Earlier this week, I was digging through some old photographs of days long gone and came across a photo of me standing in a group of about fifty or sixty assorted teenagers squinting awkwardly at the camera in the spring sunlight. We were all members of the North Wales Youth Orchestra and the photograph must have been taken in the late fifties. Like many youth orchestras in Britain, it got together once a year for an intensive residential course that were always followed by a public concert. The conductor was the splendid violinist Clifford Knowles who was also the leader of the Royal Liverpool Philharmonic Orchestra. He was assisted by a team of instrumental music teachers hired for the duration of the course. This type of residential course is fairly common when the orchestra members come from a wide geographical area.
A typical youth orchestra involves members drawn from a particular city, county or state. Many countries also have national youth orchestra which as the name suggests draw their membership from an entire country. All these orchestras provide an essential element of training for young aspiring musicians and most professional orchestral players have had their earliest ensemble experience playing in a youth orchestra.
Britain’s The Guardian newspaper estimated that there are nearly two thousand youth orchestras in Britain. Most of them are city or country orchestras but there are also a handful of national orchestras. The National Youth Orchestra of Great Britain was founded in 1948; The National Children’s Orchestras in 1978 and the National Schools Symphony Orchestra in 1995. The National Youth Orchestra of Wales was founded in 1945 and claims to be the first national youth orchestra in the world. It’s known to Welsh music students as “The Nash” (from “national” in case you’re wondering) and as a spotty teenager, I played in it myself.
There are a few international youth orchestras too, notably the European Union Youth Orchestra and the Asian Youth Orchestra. Members usually range from pre-teens or teenagers to students in their early twenties. Apart from a few isolated examples, youth orchestras were unheard of before the 20th century. They gradually emerged as increasing numbers of children in developed countries were encouraged to learn orchestral instruments. As the 20th century marched on, the number of youth orchestras increased.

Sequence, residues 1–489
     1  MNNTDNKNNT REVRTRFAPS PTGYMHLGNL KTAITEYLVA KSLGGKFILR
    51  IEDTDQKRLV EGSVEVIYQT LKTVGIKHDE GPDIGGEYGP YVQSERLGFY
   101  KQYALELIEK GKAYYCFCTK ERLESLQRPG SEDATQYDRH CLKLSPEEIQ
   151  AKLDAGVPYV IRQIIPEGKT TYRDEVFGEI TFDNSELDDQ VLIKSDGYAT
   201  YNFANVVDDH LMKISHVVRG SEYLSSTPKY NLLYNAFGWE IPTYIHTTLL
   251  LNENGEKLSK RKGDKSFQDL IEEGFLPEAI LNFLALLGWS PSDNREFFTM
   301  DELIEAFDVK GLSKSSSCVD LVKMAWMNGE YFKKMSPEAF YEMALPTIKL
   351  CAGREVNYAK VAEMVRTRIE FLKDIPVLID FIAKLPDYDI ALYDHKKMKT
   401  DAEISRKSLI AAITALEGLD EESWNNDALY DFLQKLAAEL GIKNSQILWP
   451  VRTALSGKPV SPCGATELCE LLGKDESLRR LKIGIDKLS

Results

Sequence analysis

In recent years, the youth orchestra movement has spread world-wide. In South America, for example the Venezuelan Simon Bolivar Youth Orchestra achieved international recognition and there has been a surge in musical opportunities in Asia. So, to bring the year to a close, here are two exceptional youth orchestras playing two of the most influential and popular works of the 20th century.
The members of the National Youth Orchestra of Great Britain are aged between thirteen and eighteen and the orchestra requires a remarkably high standard of instrumental skills. This exuberant performance was given at the 2016 Proms at London’s Royal Albert Hall and the huge orchestra takes up all the stage space available. Gustav Holst’s famous suite is so well-known that it hardly requires a description, except to add that when he wrote the work in 1914 the planet Pluto was yet to be discovered. In this version of the work, British composer Colin Matthews has provided an extra virtuosic movement entitled Pluto, the Renewer which can be heard at the end. Even if you think you know this suite well, do put aside an hour to hear this breath-taking performance. It’s one of the best recordings I’ve heard.
Founded in 2011, the members of this fine Chinese youth orchestra are selected from multiple cities in Guangdong Province. All the rehearsals and coaching sessions are held at a multi-venue facility that’s one of the most advanced in China. The orchestra gives a fine performance of this classic but challenging work. The Firebird was originally a ballet and the premiere in 1910 was a huge success. The critics were ecstatic and it launched Stravinsky’s career as a professional composer. He later converted the ballet music into three suites in 1911, 1919 and 1945. This is a performance of the 1919 version which is the best-known, but the opening section is extremely quiet and could be well be inaudible unless you have half-decent loudspeakers or headphones. Be prepared for The Big Bang at 09:33 at the start of Infernal dance of King Kashchei. And oh yes, listen out for the wonderful horn solo at 17:50 when you’ll hear the noble melody that Stravinsky gradually transforms into the heroic and dramatic finale.